So here’s what I first wonder: why call this an operator instead of a function? I have hypotheses and an unwillingness to read the literature. One is that maybe mathematicians started saying “operator” a long time ago. Taking the derivative, for example, is an operator. So is taking an indefinite integral. Mathematicians have been doing those for a very long time. Longer than we’ve had the modern idea of a function, which is this rule connecting a domain and a range. So the term might be a fossil.

My other hypothesis is the one I’d bet on, though. This hypothesis is that there is a limit to how many different things we can call “the function” in one sentence before the reader rebels. I felt bad enough with that first paragraph. Imagine parsing something like “the function which the Laplacian function took the function to”. We are less likely to make dumb mistakes if we have different names for things which serve different roles. This is probably why there is another word for a function with domain of a function space and range of real or complex-valued numbers. That is a “functional”. It covers things like the norm for measuring a function’s size. It also covers things like finding the total energy in a physics problem.

I’ve mentioned two operators that anyone who’d read a pop mathematics blog has heard of, the differential and the integral. There are more. There are so many more.

Many of them we can build from the differential and the integral. Many operators that we care to deal with are linear, which is how mathematicians say “good”. But both the differential and the integral operators are linear, which lurks behind many of our favorite rules. Like, allow me to call from the vasty deep functions ‘f’ and ‘g’, and scalars ‘a’ and ‘b’. You know how the derivative of the function af + bg is a times the derivative of f plus b times the derivative of g? That’s the differential operator being all linear on us. Similarly, how the integral of af + bg is a times the integral of f plus b times the integral of g? Something mathematical with the adjective “linear” is giving us at least some solid footing.

I’ve mentioned before that a wonder of functions is that most things you can do with numbers, you can also do with functions. One of those things is the premise that if numbers can be the domain and range of functions, then functions can be the domain and range of functions. We can do more, though.

One of the conceptual leaps in high school algebra is that we start analyzing the things we do with numbers. Like, we don’t just take the number three, square it, multiply that by two and add to that the number three times four and add to that the number 1. We think about what if we take any number, call it x, and think of 2x^2 + 4x + 1 . And what if we make equations based on doing this 2x^2 + 4x + 1 ; what values of x make those equations true? Or tell us something interesting?

Operators represent a similar leap. We can think of functions as things we manipulate, and think of those manipulations as a particular thing to do. For example, let me come up with a differential expression. For some function u(x) work out the value of this:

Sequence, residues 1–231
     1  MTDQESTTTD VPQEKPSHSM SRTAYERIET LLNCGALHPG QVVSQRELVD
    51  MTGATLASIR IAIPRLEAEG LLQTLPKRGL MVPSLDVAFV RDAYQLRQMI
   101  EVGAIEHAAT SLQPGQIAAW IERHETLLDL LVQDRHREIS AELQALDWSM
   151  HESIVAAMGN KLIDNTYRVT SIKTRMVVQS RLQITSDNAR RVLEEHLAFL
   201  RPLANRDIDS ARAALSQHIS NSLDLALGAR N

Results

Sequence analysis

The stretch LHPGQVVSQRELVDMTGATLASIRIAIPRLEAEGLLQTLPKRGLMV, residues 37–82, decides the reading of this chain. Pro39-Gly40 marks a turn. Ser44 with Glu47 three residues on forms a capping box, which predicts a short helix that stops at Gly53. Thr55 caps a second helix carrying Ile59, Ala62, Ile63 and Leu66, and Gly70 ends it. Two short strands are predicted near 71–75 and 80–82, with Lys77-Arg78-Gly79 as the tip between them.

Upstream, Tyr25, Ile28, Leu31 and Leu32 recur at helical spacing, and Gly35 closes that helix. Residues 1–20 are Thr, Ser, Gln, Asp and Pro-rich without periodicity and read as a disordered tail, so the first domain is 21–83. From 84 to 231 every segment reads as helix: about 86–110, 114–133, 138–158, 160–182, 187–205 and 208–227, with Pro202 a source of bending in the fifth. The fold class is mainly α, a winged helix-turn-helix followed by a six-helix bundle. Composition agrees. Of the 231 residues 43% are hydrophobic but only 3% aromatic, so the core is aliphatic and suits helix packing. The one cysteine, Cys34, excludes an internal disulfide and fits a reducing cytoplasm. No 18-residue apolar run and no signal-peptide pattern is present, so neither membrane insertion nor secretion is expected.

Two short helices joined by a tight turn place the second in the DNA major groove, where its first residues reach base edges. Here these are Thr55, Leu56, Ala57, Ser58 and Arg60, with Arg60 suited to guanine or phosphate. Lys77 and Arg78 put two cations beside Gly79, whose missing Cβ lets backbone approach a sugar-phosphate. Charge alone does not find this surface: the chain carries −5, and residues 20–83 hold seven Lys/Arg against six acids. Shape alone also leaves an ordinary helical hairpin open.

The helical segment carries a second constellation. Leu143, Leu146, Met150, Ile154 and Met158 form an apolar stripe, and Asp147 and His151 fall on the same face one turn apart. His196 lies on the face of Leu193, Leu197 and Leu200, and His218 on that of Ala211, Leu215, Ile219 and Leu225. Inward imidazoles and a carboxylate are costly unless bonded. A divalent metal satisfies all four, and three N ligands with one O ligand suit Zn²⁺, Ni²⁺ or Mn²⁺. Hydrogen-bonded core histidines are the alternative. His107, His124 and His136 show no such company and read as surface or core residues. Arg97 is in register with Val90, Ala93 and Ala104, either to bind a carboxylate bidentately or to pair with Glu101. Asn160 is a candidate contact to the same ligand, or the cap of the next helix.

2\frac{d^2 u(x)}{dx^2} + 4 \frac{d u(x)}{dx} + u(x)

Let me join in the convention of using ‘D’ for the differential operator. Then we can rewrite this expression like so:

2D^2 u + 4D u + u

Suddenly the differential equation looks a lot like a polynomial. Of course it does. Remember that everything in mathematics is polynomials. We get new tools to solve differential equations by rewriting them as operators. That’s nice. It also scratches that itch that I think everyone in Intro to Calculus gets, of wanting to somehow see \frac{d^2}{dx^2} as if it were a square of \frac{d}{dx} . It’s not, and D^2 is not the square of D . It’s composing D with itself. But it looks close enough to squaring to feel comfortable.

Nobody needs to do 2D^2 u + 4D u + u except to learn some stuff about operators. But you might imagine a world where we did this process all the time. If we did, then we’d develop shorthand for it. Maybe a new operator, call it T, and define it that T = 2D^2 + 4D + 1 . You see the grammar of treating functions as if they were real numbers becoming familiar. You maybe even noticed the ‘1’ sitting there, serving as the “identity operator”. You know how you’d write out Tv(x) = 3 if you needed to write it in full.

But there are operators that we use all the time. These do get special names, and often shorthand. For example, there’s the gradient operator. This applies to any function with several independent variables. The gradient has a great physical interpretation if the variables represent coordinates of space. If they do, the gradient of a function at a point gives us a vector that describes the direction in which the function increases fastest. And the size of that gradient — a functional on this operator — describes how fast that increase is.

The gradient itself defines more operators. These have names you get very familiar with in Vector Calculus, with names like divergence and curl. These have compelling physical interpretations if we think of the function we operate on as describing a moving fluid. A positive divergence means fluid is coming into the system; a negative divergence, that it is leaving. The curl, in fluids, describe how nearby streams of fluid move at different rate.